Ali Smith in conversation

Ali Smith in conversation

Event: Ali Smith in conversation

Venue: The London Review Bookshop 

Report by Sam Pryce

Ali Smith is a true original, a consistently unique writer with an output unparalleled in contemporary British fiction. She won the Bailey’s Prize, the Goldsmiths Prize and the Costa Novel of the Year Award for her 2015 novel How to be both, was awarded a CBE in 2015, and has been shortlisted three times for the Man Booker Prize (but somehow has never been crowned the winner). Her latest book, Autumn, takes place in post-Brexit Britain and is the first of her ‘Seasonal Quartet’ now in progress, in which each part will be named after one of the four seasons. In this talk at the London Review Bookshop, she spoke to Guardian critic Alex Clark about the work’s main themes and its inspirations – the nature of time, the shock of Brexit and the vivacious pop art of Pauline Boty.

‘I always get so nervous for these things,’ whispered Ali to a friend as she entered, seeing a sizeable crowd before her. However, those initial nerves seemed to quickly disintegrate once the interview was underway. If you have ever heard Ali Smith talk, you’ll know that she speaks much in the manner that she writes – with passion, warmth, scintillating intelligence and humour. The idea to write a seasonal quartet had long been in Smith’s mind as something to embark upon once she had become a successful writer. It’s a format that would allow her to explore ‘the relationship time has to us’ and the tension between the linear and the non-linear life. ‘We act like trees,’ she said. ‘We spatially become ourselves; we remember all the seasons on that linear path. But it’s not what it feels like to live.’

Timelessness

This non-linearity and distorted sense of time becomes apparent in the opening of her new novel Autumn, which begins with ‘an old old man’ called Daniel Gluck washing up on the shore, seeing himself as a younger man and unsure as to whether he is alive, dead or dreaming. We are plunged into a state of timelessness, of not knowing when or where we are. It is this sense of ‘exploded time and the non-linearity of living’ that Smith wanted to capture in this project.

The shocking result of Brexit had a significant effect on Autumn as it happened right in the middle of its composition. ‘The vote was something I didn’t expect. It’s changed things in ways none of us could have foreseen.’ When asked how far she had got by that point, Smith replied, ‘A book is more cunning and alive than that. It changed utterly but then lots of things stayed that I’d already written.’ A powerfully written passage in the book, with each rolling sentence beginning ‘all across the country’, shows us the extent of change that arose from the Leave vote, the divisions it caused:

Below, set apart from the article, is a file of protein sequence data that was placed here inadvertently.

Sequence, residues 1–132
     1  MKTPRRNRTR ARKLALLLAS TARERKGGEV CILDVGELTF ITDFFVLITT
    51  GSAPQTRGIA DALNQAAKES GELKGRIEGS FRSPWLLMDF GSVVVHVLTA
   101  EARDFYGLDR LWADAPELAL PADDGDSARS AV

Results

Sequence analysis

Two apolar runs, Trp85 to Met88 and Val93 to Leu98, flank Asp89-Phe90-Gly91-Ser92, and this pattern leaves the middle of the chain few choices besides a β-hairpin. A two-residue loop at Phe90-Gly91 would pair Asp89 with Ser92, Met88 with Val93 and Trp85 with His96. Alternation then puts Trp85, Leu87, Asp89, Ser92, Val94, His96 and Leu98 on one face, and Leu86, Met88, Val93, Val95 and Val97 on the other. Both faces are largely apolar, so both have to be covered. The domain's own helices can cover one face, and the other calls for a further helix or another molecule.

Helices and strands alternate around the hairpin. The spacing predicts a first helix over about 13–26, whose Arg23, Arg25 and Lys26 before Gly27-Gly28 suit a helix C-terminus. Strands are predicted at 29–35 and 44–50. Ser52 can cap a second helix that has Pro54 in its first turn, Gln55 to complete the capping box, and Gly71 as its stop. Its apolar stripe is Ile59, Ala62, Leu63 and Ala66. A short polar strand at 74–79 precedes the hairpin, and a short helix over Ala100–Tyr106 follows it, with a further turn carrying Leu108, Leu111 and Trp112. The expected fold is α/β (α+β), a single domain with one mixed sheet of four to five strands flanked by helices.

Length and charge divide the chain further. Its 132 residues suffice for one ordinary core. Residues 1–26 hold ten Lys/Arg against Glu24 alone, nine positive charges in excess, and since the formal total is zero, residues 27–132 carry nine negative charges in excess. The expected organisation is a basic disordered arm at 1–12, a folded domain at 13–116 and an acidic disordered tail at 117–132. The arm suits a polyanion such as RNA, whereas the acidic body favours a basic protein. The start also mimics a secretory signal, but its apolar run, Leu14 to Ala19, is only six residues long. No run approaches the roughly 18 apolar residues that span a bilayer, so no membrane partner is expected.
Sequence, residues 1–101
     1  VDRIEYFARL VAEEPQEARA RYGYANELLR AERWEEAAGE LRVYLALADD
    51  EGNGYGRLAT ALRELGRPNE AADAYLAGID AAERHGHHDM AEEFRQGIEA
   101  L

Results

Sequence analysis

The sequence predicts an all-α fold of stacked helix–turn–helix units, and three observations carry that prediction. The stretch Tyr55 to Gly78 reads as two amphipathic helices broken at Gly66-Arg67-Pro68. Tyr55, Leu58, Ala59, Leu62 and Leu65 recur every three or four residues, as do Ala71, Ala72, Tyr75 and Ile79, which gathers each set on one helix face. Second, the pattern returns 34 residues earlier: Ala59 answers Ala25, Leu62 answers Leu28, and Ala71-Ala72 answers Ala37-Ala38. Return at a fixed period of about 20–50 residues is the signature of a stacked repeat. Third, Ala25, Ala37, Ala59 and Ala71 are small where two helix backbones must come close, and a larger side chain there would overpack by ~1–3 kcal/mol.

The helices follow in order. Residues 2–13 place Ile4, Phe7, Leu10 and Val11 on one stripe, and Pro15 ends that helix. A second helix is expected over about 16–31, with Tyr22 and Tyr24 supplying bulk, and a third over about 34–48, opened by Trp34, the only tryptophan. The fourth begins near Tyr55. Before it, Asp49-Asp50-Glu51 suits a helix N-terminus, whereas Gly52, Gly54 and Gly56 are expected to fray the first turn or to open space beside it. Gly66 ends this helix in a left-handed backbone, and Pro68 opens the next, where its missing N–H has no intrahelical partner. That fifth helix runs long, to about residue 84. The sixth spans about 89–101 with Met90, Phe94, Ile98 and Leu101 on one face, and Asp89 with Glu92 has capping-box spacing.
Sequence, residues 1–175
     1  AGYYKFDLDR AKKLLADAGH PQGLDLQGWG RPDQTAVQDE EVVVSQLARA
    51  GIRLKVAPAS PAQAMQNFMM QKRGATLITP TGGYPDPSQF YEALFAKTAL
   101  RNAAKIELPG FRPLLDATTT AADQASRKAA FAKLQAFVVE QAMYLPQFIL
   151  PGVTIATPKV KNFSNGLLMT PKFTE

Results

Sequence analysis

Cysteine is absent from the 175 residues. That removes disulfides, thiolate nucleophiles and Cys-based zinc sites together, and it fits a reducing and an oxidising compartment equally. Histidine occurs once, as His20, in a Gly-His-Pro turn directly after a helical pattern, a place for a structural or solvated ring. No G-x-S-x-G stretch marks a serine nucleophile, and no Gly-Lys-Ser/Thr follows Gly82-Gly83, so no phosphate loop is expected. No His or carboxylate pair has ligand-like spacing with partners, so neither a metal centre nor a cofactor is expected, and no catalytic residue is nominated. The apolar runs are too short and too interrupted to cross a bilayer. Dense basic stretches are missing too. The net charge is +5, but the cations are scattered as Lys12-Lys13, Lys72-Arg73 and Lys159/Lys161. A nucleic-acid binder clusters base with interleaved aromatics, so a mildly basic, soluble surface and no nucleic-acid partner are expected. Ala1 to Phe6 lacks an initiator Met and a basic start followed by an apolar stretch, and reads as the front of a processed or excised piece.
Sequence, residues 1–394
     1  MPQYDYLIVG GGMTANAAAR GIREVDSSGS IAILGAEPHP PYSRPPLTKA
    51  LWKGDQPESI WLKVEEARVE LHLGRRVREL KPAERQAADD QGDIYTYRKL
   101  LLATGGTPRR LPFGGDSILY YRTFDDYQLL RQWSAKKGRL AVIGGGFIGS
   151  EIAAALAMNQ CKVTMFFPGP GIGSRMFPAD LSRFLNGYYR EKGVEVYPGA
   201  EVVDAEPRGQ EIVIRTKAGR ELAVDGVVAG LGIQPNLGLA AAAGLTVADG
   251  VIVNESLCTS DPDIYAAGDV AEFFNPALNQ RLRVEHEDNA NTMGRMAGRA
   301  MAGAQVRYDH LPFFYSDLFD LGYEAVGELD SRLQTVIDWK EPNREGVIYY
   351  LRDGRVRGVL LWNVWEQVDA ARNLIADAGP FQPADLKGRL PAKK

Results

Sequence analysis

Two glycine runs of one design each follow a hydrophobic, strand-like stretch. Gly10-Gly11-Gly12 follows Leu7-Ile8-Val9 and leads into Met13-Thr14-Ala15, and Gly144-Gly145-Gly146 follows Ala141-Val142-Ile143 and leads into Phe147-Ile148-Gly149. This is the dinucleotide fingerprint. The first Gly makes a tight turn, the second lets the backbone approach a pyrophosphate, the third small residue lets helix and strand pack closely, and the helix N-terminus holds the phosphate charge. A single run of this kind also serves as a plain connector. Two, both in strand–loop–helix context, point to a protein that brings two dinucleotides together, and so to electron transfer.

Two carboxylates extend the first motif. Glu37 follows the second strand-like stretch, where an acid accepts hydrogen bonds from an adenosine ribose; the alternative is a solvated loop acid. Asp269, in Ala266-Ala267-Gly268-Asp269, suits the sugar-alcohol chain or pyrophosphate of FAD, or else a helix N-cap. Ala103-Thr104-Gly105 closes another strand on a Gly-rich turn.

‘All across the country, there was misery and rejoicing. All across the country, what had happened whipped about by itself as if a live electric wire had snapped off a pylon in a storm and was whipping about in the air above the trees, the roofs, the traffic. All across the country, people felt it was the wrong thing. All across the country, people felt it was the right thing. All across the country, people felt they’d really lost. All across the country, people felt they’d really won.’

Influences

A prominent influence on Ali Smith’s writing was the pop art of Pauline Boty. Boty was the UK’s only female pop artist and a founder of the movement, but tragically her life was cut short at the age of 28 and was largely forgotten for 30 years, until her legacy resurfaced in the 1990s. ‘She stands for a point where divisions came down. She helped the ‘60s change. She made the space, she made the art of herself.’ Boty’s works are a blend of painting and collage and these artistic methods were applied by Smith to her writing style. ‘With collage, you have all the power of juxtaposition and changing perspective. Coexistence is exciting.’

It’s not the first time that Smith has been inspired to write by the form of an artwork. How to be both, with its two-part structure that came in a different order depending on the copy you bought, came after she saw a Fresco painting in a magazine. The jacket of Autumn boasts two artworks – on the front blazes an autumnal landscape painted by David Hockney and in the back endpaper, much to Ali’s delight, glows a work by Pauline Boty. ‘There’s such vitality in the work… I want this spirit and brightness up against the dark,’ said Smith, of Boty. It is this boundless enthusiasm and innovative approaches to art (both in creating it and thinking about it) that makes Ali Smith as compelling to listen to as she is to read.

Report by Sam Pryce

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